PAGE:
After a long hike and your feet are killing you, inevitably, you’re dealing with soreness and blisters later on.What if a simple upgrade to your hiking insoles could make those concerns a thing of the past? Hiking insoles are one of the easiest ways to increase the comfort of your hikes practically instantly.
I’m going to cover five of what I consider to be the best insoles out there for hiking. The main criteria for these insoles will be their price, comfort, stability, and durability. Whether you’re a more casual hiker or a seasoned one, there is a pair of insoles that will fit your needs!
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The best best of the best: The Superfeet Trailblazer
The Superfeet Trailblazer has to be the first choice if your budget is high enough. As a result, it’s hard to beat an insole that is specifically designed for hiking, with plenty of cushion as well. The other advantage of this one over a standard insole that might have come with your boot is the moisture-wicking it offers.
It’s a total game-changer for long hikes. Superfeet also have a variety of insoles for people with different needs (arch support, general-purpose etc.) For the sake of these reviews, it only made sense to list the hiking specific ones. Additionally, the only con that I can see is that if you trim it incorrectly, it can cause blisters due to the fit.
I see this as a potential issue with any insole, though, not unique to this one in particular.
Need high arch support? The Powerstep Journey
The Powerstep Journey insoles have to be a close runner up to the Superfeet. They are a bit less expensive but still offer most of the benefits of the Trailblazer. The design of these is supportive for people with high arches and absorbs shock like a champ. Also, the most significant difference between these and the Superfeet is that they are more firm.
The overall support is there, and many people have reported that they help alleviate pain from plantar fasciitis. Bottom line? Great insole for support at a reasonable price. If you’re looking for a lot of cushioning, they fall a little short in this department.
On a budget? Physix Gear Sport
If you’re looking for a lower-cost alternative to more premium insoles, the Physix Gear Sport is a great place to start. And at around half the cost of the above insoles, it is more than serviceable for all types of shoes. One of the stand out features is the excellent arch support they offer. Like the Powersteps, people have had a lot of success alleviating pain from common foot issues.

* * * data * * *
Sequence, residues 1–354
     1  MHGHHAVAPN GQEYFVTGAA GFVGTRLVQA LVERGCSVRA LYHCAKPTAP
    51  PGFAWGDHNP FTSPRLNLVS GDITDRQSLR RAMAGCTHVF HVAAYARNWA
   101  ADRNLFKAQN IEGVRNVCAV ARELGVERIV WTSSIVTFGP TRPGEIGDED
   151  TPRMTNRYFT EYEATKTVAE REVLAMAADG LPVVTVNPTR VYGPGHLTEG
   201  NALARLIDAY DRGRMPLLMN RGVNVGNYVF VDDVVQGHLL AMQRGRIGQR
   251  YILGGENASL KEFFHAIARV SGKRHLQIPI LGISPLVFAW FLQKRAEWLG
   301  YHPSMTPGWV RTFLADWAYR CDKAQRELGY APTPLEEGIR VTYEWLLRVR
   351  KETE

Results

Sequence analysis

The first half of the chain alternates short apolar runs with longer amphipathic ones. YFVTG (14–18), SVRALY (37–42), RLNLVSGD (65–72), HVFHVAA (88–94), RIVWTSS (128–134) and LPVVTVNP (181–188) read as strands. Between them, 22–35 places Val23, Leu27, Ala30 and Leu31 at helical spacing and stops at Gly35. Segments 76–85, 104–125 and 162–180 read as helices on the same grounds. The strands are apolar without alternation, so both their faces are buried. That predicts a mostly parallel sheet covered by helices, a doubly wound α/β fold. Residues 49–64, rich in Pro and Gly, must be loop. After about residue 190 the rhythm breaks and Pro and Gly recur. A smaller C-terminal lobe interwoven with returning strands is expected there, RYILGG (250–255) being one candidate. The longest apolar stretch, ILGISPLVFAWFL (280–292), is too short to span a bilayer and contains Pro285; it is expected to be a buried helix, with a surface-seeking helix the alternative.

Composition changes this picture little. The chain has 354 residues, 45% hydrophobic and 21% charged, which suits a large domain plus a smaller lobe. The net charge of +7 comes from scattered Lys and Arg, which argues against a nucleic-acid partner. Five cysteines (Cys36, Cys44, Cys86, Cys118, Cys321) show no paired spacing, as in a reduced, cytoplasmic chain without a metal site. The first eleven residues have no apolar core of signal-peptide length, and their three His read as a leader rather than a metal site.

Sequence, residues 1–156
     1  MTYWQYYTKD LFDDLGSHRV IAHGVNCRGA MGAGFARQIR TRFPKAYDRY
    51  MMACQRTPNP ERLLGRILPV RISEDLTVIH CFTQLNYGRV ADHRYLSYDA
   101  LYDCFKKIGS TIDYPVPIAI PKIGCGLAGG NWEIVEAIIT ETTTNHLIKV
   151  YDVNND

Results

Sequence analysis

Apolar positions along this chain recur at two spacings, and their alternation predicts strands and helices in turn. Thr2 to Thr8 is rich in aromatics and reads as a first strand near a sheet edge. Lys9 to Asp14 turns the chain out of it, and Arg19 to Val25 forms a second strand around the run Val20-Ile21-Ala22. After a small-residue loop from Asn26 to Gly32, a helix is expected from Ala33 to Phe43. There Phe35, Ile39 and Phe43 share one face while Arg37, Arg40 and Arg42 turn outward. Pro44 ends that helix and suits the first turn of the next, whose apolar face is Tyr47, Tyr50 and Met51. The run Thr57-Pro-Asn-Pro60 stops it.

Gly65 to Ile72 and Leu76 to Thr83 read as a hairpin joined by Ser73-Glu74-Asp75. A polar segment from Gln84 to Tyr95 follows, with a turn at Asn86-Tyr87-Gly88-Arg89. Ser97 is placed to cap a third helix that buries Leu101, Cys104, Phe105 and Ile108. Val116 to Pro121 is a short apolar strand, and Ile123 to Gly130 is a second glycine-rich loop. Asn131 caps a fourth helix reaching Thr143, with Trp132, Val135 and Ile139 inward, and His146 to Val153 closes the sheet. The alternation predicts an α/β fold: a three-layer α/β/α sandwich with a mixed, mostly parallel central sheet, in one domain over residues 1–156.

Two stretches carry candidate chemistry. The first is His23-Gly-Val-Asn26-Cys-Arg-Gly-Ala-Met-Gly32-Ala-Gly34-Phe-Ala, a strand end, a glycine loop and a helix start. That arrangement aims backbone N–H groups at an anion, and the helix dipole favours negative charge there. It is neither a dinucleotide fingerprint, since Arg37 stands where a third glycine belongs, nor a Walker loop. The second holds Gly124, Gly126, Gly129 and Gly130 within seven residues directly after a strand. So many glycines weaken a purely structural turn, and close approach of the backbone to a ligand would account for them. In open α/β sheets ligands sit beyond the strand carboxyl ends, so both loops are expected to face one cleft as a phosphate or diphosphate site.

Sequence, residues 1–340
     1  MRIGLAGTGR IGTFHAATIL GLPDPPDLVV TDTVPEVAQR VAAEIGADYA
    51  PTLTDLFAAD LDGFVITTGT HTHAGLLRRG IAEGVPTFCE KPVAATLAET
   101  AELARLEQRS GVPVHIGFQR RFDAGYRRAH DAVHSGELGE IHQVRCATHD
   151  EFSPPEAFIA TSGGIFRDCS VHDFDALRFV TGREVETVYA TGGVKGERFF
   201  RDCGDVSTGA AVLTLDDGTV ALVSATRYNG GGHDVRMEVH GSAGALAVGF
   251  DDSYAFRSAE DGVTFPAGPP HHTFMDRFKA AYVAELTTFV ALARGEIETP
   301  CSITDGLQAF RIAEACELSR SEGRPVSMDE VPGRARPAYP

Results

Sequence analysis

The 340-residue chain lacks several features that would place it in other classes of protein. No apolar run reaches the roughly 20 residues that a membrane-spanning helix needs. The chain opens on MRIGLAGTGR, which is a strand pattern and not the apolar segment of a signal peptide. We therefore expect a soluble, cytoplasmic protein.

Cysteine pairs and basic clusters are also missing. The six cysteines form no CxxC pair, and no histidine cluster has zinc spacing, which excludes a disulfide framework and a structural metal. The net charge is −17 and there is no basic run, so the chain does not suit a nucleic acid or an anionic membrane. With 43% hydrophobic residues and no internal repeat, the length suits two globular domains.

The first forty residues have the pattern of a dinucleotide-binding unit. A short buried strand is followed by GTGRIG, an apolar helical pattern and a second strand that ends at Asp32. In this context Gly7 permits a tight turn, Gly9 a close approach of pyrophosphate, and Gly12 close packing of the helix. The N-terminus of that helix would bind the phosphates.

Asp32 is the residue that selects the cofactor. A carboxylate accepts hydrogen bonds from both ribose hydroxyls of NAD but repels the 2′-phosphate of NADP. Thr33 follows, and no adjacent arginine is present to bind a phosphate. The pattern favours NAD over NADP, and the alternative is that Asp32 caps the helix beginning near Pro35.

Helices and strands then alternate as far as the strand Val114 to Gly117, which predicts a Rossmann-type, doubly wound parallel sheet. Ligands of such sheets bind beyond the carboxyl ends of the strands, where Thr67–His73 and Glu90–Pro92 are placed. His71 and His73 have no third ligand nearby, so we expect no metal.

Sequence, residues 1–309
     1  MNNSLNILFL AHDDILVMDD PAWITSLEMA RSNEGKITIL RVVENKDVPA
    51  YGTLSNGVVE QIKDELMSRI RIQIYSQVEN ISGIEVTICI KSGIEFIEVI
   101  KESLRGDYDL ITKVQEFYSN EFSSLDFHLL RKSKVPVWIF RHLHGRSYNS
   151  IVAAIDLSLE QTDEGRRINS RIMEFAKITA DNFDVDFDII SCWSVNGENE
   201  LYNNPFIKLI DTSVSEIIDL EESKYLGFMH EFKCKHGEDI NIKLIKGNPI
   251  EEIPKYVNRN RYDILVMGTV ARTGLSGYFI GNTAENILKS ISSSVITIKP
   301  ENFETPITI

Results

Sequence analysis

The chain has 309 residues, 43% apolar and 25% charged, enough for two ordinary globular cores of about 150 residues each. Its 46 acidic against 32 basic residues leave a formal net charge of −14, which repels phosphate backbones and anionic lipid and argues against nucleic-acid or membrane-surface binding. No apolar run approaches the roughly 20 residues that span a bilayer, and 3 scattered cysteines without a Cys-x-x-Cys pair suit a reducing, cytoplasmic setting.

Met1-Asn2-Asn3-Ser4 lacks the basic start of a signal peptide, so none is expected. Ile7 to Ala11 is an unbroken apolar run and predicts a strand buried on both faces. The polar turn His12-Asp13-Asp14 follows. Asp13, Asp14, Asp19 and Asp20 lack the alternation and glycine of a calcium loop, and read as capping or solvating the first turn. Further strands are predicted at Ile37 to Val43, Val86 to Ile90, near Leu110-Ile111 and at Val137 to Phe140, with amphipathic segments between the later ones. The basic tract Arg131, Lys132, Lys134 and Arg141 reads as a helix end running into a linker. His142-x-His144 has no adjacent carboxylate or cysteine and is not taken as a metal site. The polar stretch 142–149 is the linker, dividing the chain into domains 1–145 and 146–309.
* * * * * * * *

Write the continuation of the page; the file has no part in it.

However, the only downside is that it is designed more for foot support than comfort. That’s common with the lower-priced insoles and not a dig at these.Also, the cushioning is minimal and they do tend to run a bit wide in comparison to other insoles.
Looking for neutral arch support? The Sof Sole ATHLETE Insoles
If you’re looking for the perfect mix of performance and price, the Sof Sole ATHLETE insoles are the way to go. They are designed to fit in a wide range of shoes with lightweight cushioning and have neutral arch support. Also, since they don’t lean hard into any one category, they’re likely to work well for most people.
The shape of these lends well to fitting most shoes and boots – a lot of folks have had a great experience using them for everything from walking, running, and of course, hiking. Keep in mind that’s not a guarantee that they’ll be perfect for yours, but it’s a great sign.
Not to mention they have an outstanding reputation for durability, you’d be hard-pressed to go wrong with these.
Looking for a gel insole? The Dr. Scholl’s Athletic Sport
Don’t sleep on Dr. Scholl’s Athletic Sport Insoles! They are the most affordable option on the list by a wide margin and not sacrificing much at the same time. The gel ups the comfort levels of these beyond other insoles that are primarily EVA foam. However, that also means that in terms of shock absorption, they won’t do the job as well.
They wouldn’t necessarily be my first choice as shock absorption is nice to have going over uneven terrain. This is partially my personal preference speaking though, and these insoles are capable of hiking.
The difference between hiking and general-purpose insoles
Regarding the insoles reviewed here, I think they mostly fall under two camps: hiking specific and general-purpose insoles that tend to be thinner. The main difference being the size and shock absorption capabilities of both types. The boot insoles will typically be thicker. Also, the thickness helps them absorb the shock that uneven terrain can produce when you’re walking.
In contrast, you can use the general-purpose athletic insoles in a variety of shoe types. I think these are the best choice when you are on a tight budget as they tend to be much more affordable. Additionally, the only thing you tend to miss out on with the general purpose is a bit of extra cushioning. The other factors can still come surprisingly close to the expensive insoles!
If you’re looking for a hiking boot specific insole, I recommend the Superfeet Trailblazer and Powerstep Journey. However, if you’re looking for a more versatile insole, I can recommend the Physix Gear Sport, Sof Sole Athlete, or Dr. Scholl’s Athletic Sport Insoles. I hope that this review helps you to choose the right insole for your needs to start making strides in your hiking adventures!